According to Ian Wu, beauty online sales have reached a ceiling of 30% of the global market. To him, although they have always known the Internet, the Generation Z has not deserted physical stores. “The concept consisting in testing before buying is very important to them, and beauty advisors still play an essential role,” he said, as there are no other explanations than the relative stagnation of the share of online beauty sales.
Skin analysis in stores
To stimulate sales in stores, Meitu has developed a skin analysis device. It is now possible to test customers’ skins at the point of sale and recommend them specific products. Meitu sells these devices to brands or retailers and offers a licensing agreement to use the associated software.
“Our licensing agreement currently offers facial feature analysis, skin testing, and skincare/makeup product recommendation technologies. These technologies will enhance the retail experience by allowing consumers to better understand their skin condition and purchase the products that best fit their needs,” said Ian Wu.
It seems the company has decided to focus on this type of software and to gradually withdraw from telephony. For example, last November, the group signed a partnership with fellow Chinese Xiaomi, who acquired the Meitu Smartphone exclusive license. “The deal will allow Meitu to better focus on developing its next-generation image processing, AI technologies, and image algorithms,” the group emphasized.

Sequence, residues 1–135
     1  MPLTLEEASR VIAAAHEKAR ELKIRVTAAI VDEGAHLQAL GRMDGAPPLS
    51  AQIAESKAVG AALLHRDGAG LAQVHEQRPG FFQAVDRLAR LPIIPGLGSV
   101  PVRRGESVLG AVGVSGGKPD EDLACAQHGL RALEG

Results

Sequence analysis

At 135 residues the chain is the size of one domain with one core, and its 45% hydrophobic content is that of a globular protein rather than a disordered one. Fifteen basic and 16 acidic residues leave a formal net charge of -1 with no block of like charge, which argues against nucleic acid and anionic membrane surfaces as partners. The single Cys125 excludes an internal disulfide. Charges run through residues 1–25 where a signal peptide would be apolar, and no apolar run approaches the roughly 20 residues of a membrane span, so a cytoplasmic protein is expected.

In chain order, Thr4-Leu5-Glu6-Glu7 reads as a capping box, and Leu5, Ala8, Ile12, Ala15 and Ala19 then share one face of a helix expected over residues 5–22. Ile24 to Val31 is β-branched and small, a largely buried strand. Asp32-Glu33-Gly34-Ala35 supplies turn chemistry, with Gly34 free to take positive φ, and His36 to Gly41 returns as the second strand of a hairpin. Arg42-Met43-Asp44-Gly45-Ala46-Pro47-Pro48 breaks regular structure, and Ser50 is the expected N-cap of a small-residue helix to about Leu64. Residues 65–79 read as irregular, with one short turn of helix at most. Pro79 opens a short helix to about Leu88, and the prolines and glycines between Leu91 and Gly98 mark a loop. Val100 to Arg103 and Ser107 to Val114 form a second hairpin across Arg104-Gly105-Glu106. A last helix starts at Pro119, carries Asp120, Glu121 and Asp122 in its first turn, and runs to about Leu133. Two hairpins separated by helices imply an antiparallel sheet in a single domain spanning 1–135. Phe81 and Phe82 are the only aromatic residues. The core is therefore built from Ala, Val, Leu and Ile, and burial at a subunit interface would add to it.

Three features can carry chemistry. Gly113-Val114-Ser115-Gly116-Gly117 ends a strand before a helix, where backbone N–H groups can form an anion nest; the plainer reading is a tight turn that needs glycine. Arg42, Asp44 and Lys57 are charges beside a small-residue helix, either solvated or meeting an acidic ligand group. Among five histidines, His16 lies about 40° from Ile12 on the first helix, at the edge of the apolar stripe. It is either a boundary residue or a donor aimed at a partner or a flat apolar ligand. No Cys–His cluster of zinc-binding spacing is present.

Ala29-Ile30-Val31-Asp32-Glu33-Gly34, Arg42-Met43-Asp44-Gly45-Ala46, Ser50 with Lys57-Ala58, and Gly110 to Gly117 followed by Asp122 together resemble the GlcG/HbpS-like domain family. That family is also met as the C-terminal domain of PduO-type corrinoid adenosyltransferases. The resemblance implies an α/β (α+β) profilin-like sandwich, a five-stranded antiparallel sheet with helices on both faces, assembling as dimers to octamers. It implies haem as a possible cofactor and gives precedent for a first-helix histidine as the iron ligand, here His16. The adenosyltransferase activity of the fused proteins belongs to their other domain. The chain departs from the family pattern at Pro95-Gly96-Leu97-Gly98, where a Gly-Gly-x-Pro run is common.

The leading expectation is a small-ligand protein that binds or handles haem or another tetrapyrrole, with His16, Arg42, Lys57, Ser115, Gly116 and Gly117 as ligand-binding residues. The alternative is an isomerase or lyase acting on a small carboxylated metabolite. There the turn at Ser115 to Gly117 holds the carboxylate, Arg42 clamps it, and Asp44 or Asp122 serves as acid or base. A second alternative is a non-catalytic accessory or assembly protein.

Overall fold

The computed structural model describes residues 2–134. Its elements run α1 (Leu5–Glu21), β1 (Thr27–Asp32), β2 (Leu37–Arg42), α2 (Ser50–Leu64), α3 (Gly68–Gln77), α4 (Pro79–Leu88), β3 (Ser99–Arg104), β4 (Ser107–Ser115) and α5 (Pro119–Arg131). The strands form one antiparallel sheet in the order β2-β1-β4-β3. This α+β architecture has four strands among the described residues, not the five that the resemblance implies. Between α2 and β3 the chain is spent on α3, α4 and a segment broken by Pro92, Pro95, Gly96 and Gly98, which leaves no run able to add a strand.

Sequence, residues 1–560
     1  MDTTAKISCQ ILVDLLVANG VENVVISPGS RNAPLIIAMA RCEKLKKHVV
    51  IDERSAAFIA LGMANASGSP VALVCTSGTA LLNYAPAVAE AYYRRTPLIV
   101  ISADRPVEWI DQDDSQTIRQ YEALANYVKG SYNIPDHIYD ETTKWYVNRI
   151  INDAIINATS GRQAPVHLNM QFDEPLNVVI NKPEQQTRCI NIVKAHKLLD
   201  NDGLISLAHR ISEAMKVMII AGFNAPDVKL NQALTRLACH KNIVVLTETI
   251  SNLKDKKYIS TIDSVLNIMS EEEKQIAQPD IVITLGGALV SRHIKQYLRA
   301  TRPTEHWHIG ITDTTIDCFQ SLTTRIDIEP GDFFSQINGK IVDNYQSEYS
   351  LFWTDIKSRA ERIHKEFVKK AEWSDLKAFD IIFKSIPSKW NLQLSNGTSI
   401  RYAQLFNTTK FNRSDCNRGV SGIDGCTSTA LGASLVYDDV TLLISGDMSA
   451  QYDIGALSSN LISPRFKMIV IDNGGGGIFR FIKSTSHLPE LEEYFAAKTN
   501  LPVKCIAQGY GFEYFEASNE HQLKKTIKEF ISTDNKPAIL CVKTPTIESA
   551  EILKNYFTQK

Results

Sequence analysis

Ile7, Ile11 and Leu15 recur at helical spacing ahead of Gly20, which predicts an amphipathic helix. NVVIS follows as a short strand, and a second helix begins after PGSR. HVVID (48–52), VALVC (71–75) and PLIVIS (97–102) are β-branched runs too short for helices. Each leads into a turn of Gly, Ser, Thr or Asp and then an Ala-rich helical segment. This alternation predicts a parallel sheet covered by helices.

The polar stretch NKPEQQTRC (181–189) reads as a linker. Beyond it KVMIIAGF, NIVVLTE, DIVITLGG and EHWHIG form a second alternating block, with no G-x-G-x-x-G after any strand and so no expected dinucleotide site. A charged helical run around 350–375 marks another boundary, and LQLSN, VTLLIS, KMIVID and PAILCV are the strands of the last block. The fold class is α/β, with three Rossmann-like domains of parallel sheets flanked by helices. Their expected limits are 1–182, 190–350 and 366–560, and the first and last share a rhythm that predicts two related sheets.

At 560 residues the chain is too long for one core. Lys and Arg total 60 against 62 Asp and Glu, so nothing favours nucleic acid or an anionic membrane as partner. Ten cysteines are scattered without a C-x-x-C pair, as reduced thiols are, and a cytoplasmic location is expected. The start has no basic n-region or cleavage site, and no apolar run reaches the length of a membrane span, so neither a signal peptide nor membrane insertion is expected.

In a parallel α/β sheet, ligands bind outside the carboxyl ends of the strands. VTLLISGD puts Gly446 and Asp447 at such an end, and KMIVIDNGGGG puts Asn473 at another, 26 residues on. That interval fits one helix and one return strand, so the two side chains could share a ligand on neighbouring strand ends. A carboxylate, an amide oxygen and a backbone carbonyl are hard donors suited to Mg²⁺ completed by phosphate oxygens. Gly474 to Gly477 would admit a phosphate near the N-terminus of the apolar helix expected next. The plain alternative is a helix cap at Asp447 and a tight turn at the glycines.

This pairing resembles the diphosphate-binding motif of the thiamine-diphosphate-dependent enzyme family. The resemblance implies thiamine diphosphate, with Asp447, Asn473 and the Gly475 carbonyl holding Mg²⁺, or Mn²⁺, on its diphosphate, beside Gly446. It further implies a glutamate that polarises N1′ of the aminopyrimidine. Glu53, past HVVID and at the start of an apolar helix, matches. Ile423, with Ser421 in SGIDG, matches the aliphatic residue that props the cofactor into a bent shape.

The group is proud of its status of personalized beauty pioneer in China. Countless selfie retouch applications were developed in the country, after the launch of Meitu’s flagship application (美图, beautiful picture) and BeautyCam and BeautyPlus video applications – a range said to count 1.5 billion users around the world, including over a third outside China.
For example, the My Beauty function on the flagship Meitu App allows users to personalize their beautification settings according to their preferences by logging into their Meitu Accounts (MTid). The criteria a user can personalize include, but are not limited to, the smoothness of the skin, the preservation of specific facial attribute(s) (such as a beauty mark), facial structure adjustments, facial and/or body reshaping, and eye size adjustment. Once set, these effects will be saved for all future logins and may be readjusted at any time.
Online marketing and Big Data
This analysis provides brands with insights into customers’:
Makeup and skincare product preferences
Behavior, such as their number of SKU clicks, sessions, purchases, usage duration, and purchase rate
Consumer needs based on their skin conditions such as skin age, blackheads, acne, dark-circles, and wrinkles
Users can also choose to input their demographic information such as age and gender
“All of these insights can be used to help businesses develop their marketing strategies and enable them to create multiple online touch points that can re-engage customers, or even reach a similar audience through precision marketing”, explained Ian Wu, to whom the targeted use of data is “the future of online marketing”.
There is a last pending issue, though: personal data protection. Meitu promises that “the purpose and scope of our data collection is strictly limited to the normal operation of our products and their functions”. Quite a hot topic!